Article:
03 August 2006



Inspired by Herrick’s recent post, I thought I’d share some more NY economics of note. Having just purchased our "new" car. Pictured here at the family mechanic’s house (my father) all shined and ready to roll. This 1983 classic is a Chevy Citation with 2/55 air conditioning standard. It’s engine has 78,000 original miles, and a gentle used price of $300 (tires included) we count ourselves fortunate. We originally purchased it to replace our 1995 Toyota Corolla 4 door truck/sedan (as we use it to haul just about everything) but after passing mile marker 200,000 over 38,000+ miles ago, I figure it's good till 300K or more, who knows?

Now, I don’t suppose I’ll be the envy of the Joneses or those who prefer to sport the “new” hybrids vehicles on the market today for eco-coconscious consumers. Just that when you add the difference in MPG vs. the cost of a new hybrid + full coverage insurance + deprecation + new car maintenance – less any additional repair cost for an ‘older’ vehicle, sans the worry of the “first scratch”. I’d say we’re a wee bit a head of the game, especially since this one came complete with some rust & a dent. Now the one drawback, as I mentioned is the 2/55 air conditioning (as our “steed” has the older R-12 refrigerant and production of R12 ended December 31, 1995) so I’d be hard pressed to find the stuff these days. The 2/55 air equation works like this: “Roll down 2 windows – go 55 mph”. I suppose if need be I might try a design like this

Hey, if it’s hot enough – “Necessity, who is the mother of invention” ~Plato


At 5:46 PM, Blogger Patti said...

Cute Car and What a great deal!!!!!

At 10:13 AM, Blogger Marci said...

We had a 1990 Pontiac Bonneville. We bought it from Michael's work when it had 80,000 miles on it. That thing drove so smooth. It got excellent gas mileage. Some tanks on the highway were 32 miles per gallon. Well, that engine just hummed away. However, other things started going wrong. The driver's door would not open anymore. So, Michael would have to slide across the seat. Then that door wouldn't open, so he would climb in the back seat and crawl over. We believe he was a source of amusement at work. He works in corporate America and they all drive the latest and greatest. Then my son used a sawzall to open the drivers door. They were going to fix it. You could not take the inside panel off to work on it unless the door was open. Well, they couldn't fix it, and the door wouldn't stay closed. So, they tied a rope from front door to front door, to keep it closed. Then the only door that would open was the back door on the passenger side. We would always giggle and wonder if that trip would be the one, we would all be stuck inside and have to crawl out a window. He would drive to work, park way out in the parking lot and crawl out from under the rope, over the seat and out the back door. It was a reverse of that when he went home. We were finally able to get him another cheap car (that is still running) and we put the Bonneville out to pasture with 352,000 miles on it. I called the junk yard (which paid us for the car) and they were actually able to drive it up on their trailer. =)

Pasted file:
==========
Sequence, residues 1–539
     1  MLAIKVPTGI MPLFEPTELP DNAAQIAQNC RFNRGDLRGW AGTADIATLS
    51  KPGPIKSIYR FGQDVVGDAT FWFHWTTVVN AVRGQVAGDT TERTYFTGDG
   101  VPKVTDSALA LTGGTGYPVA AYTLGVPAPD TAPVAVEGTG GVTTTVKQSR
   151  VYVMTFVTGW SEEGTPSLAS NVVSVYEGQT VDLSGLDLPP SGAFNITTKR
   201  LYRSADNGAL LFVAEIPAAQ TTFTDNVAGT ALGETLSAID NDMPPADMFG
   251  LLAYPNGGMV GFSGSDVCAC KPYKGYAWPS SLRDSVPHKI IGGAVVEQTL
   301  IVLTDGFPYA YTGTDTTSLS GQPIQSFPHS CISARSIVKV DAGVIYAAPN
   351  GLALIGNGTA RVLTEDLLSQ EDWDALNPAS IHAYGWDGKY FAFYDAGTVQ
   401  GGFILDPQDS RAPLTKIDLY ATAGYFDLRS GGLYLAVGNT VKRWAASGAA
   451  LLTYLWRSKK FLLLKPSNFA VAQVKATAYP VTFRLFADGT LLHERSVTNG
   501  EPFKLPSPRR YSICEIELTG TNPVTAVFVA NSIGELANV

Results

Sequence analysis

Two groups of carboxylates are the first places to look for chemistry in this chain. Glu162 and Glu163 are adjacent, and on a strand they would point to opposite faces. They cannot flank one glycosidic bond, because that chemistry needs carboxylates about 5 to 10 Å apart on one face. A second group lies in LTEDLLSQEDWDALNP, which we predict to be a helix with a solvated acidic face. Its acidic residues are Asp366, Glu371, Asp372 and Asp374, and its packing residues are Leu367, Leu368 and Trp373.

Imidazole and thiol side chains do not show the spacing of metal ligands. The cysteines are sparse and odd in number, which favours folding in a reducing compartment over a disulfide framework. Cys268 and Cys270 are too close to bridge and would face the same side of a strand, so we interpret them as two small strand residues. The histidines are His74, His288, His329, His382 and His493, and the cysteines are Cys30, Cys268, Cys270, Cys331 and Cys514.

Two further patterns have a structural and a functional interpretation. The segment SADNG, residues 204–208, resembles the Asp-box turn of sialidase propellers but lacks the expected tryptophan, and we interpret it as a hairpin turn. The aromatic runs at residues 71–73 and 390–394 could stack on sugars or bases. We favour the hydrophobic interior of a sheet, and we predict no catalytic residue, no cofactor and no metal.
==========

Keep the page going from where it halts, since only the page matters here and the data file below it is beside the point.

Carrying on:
At 11:38 AM, Blogger Emily said...

Good going on the car, Scott. Coming from a family of mechanics, Dwayne has been the recipient of many inexpensive or cast off vehicles (some better put out to pasture). Speaking of cheap car hijinks....we had an Oldsmobile once upon a time (emphasis on the old) with a back door that would spring open at the slightest provocation. I remember one incident in which he was giving our oldest son and some friends a ride. As he swerved around a tight curve, a squeal was heard from the back seat. The unfortunate girl who was riding next to the "trick" door had been flung from her seat onto the pavement when the door popped open by surprise. The kids - including the victim - all thought it was great fun! My first car was a 1970 Chevy Nova I bought for $100. Loved it...especially its little personality quirks. There was a loose strand of wiring which caused the horn to blare as I turned corners or put my blinker on. People would wave as I passed thinking I was beeping at them. Once I was driving in Boston inside a tunnel with a lengthy curve. It created quite the astounding sound effects! I miss that car! :)

At 4:21 AM, Blogger Marci said...

Emily, I LOVE your car stories!!!

At 10:03 PM, Blogger Scott Holtzman said...

Emily~ I remember way-back-when my parents having an old Kingswood Station Wagon and a similar "open door" incident!

The thing I like most about this vehicle (among others) is the low cost insurance, which amounts to $50 a month. Which depending on which state & your insurance rates is quite inexpensive for NY. Though I imagine on par, or high for folks in other parts. NY is not the easiest place to homestead in, though I imagine no place is any more difficult then one makes it.

Thanks to everyone for all the comments, will be posting a *new* soon. Been tending an iron I got stuck in the fire so to speak...........Regards.


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